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1 Burnside Environmental Studies- General

Recovering a Lost River: Removing Dams, Rewilding Salmon, Revitalizing Communities

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Recovering a Lost River: Removing Dams, Rewilding Salmon, Revitalizing Communities Cover

 

Synopses & Reviews

Publisher Comments:

A powerful argument for why dam removal makes good scientific, economic, and environmental sense—and requires our urgent attention

 

In the Pacific Northwest, the Snake River and its wilderness tributaries were once some of the world’s greatest salmon rivers. As recently as a half century ago, they retained some of their historic bounty, with millions of fish returning to spawn. Now, due to four federal dams, the salmon population has dropped close to extinction. Efforts at salmon recovery through fish ladders, hatcheries, and even trucking them over the dams have failed.

 

Steven Hawley, journalist and self-proclaimed “river rat,” argues that the best hope for the Snake River lies in dam removal, a solution that pits the power authorities and Army Corps of Engineers against a collection of Indian tribes, farmers, fishermen, and river recreationists. The river’s health, as he demonstrates, is closely connected to local economies, fresh water rights, energy independence—and even the health of orca whales in Puget Sound.

 

The story of the Snake River, its salmon, and its people raises the fundamental questions of who should exercise control over natural resources and which interests should receive highest priority. It also offers surprising counterpoints to the notion of hydropower as a cheap, green, and reliable source of energy, and challenges the wisdom of heavily subsidized water and electricity.

 

This regional battle is part of an ambitious river restoration movement that stretches across the country from Maine’s Kennebec to California’s Klamath, and engages citizens from a broad social spectrum. In one successful project, the salmon of Butte Creek rebounded from a paltry fourteen fish to twenty thousand within just a few years of rewilding their river, showing the incredible resiliency of nature when given the slightest chance.

 

Recovering a Lost River depicts the compelling arguments and actions being made on behalf of salmon by a growing army of river warriors. Their message, persistent but disarmingly simple, is that all salmon need is water in their rivers, and a clear way home. 

From the Hardcover edition.

Synopsis:

US

Synopsis:

In the Pacific Northwest, the Snake River and its wilderness tributaries were—as recently as a half century ago—some of the world’s greatest salmon rivers. Now, due to four federal dams, the salmon population has dropped close to extinction. Steven Hawley, journalist and self-proclaimed “river rat,” argues that the best hope for the Snake River lies in dam removal, a solution that pits the power companies and federal authorities against a collection of Indian tribes, farmers, fishermen, and river recreationists. The river’s health, as he demonstrates, is closely connected to local economies, freshwater rights, and energy independence. Challenging the notion of hydropower as a cheap, green source of energy, Hawley depicts the efforts being made on behalf of salmon by a growing army of river warriors. Their message, persistent but disarmingly simple, is that all salmon need is water in their rivers and a clear way home.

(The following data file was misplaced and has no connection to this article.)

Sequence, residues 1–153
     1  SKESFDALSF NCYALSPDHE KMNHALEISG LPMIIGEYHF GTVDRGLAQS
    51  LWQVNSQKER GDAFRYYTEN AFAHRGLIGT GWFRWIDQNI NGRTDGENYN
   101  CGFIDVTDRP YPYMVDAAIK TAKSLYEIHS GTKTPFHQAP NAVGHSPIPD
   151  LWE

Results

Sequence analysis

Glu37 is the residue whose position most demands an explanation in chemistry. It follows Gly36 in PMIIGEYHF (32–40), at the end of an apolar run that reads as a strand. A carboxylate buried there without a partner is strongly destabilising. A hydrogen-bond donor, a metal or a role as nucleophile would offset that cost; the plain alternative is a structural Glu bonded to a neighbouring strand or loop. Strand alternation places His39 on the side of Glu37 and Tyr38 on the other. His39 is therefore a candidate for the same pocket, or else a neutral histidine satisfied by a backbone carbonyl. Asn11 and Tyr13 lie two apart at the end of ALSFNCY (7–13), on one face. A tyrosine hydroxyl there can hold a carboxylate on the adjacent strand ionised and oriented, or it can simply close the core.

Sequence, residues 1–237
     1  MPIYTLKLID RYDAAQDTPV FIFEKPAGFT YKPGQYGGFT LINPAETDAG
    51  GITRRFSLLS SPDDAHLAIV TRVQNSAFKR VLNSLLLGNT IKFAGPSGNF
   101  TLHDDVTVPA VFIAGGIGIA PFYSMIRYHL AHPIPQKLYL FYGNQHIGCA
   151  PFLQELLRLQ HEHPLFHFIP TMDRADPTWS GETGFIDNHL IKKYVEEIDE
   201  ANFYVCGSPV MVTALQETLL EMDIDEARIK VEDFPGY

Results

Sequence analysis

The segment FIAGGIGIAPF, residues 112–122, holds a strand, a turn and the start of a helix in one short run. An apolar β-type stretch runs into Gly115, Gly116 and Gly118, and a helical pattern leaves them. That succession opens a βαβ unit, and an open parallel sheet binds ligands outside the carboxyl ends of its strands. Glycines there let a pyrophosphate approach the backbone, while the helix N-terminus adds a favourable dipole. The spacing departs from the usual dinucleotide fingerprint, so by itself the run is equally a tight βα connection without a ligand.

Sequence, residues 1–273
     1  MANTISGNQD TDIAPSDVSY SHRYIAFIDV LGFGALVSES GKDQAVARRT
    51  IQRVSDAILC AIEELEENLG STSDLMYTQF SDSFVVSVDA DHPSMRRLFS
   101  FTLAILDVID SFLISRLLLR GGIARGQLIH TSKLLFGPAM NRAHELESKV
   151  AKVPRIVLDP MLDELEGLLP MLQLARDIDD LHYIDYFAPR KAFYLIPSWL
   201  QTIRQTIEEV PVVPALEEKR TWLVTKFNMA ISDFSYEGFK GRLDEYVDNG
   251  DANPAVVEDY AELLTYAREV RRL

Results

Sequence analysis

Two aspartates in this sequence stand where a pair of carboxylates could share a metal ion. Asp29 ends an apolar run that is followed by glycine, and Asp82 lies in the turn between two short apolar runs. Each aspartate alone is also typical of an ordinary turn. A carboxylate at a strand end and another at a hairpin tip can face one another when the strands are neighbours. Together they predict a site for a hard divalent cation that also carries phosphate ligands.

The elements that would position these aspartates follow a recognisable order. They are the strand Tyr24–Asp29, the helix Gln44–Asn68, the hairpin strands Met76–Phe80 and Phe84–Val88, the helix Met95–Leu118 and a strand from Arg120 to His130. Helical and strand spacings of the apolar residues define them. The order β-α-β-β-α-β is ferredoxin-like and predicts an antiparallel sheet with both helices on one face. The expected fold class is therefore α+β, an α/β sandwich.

About the Author

An environmental journalist, Steven Hawley was among the first to write about the historic agreement to tear out Edwards Dam on the Kennebec in Maine. Since then, his work has appeared in High Country News, the Bear Deluxe, National Fisherman, Onearth, Arizona Quarterly, and the Missoula Independent. He lives with his family along the Columbia River.

Table of Contents

Table of Contents

Prologue

1) Redeeming the Dammed

2) What They’re Smoking in Alaska this Summer

3) Feed Willy

4) Butte Creek

5) Energy Versus Eternal Delight

6) How the Mighty Were Felled

7) When the Levee Breaks

8) The Fifth H

9) Lies, Dam Lies, and Statistics: The Science of Saving Big Hydro

10) A River Resuscitated

11) The Heart of the Monster

Epilogue The River Why Not

Afterword

Acknowledgments

Notes

Sources

Product Details

ISBN:
9780807004739
Author:
Hawley, Steven
Publisher:
Beacon Press (MA)
Subject:
Rivers
Subject:
Oceanography-Fish
Subject:
Nature Studies-Biology
Edition Description:
Trade paper
Publication Date:
20120331
Binding:
TRADE PAPER
Language:
English
Pages:
280
Dimensions:
8.6 x 5.5 x 0.8 in 0.8213 lb

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Recovering a Lost River: Removing Dams, Rewilding Salmon, Revitalizing Communities Used Trade Paper
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Product details 280 pages Beacon Press - English 9780807004739 Reviews:
"Synopsis" by , US
"Synopsis" by , In the Pacific Northwest, the Snake River and its wilderness tributaries were—as recently as a half century ago—some of the world’s greatest salmon rivers. Now, due to four federal dams, the salmon population has dropped close to extinction. Steven Hawley, journalist and self-proclaimed “river rat,” argues that the best hope for the Snake River lies in dam removal, a solution that pits the power companies and federal authorities against a collection of Indian tribes, farmers, fishermen, and river recreationists. The river’s health, as he demonstrates, is closely connected to local economies, freshwater rights, and energy independence. Challenging the notion of hydropower as a cheap, green source of energy, Hawley depicts the efforts being made on behalf of salmon by a growing army of river warriors. Their message, persistent but disarmingly simple, is that all salmon need is water in their rivers and a clear way home.

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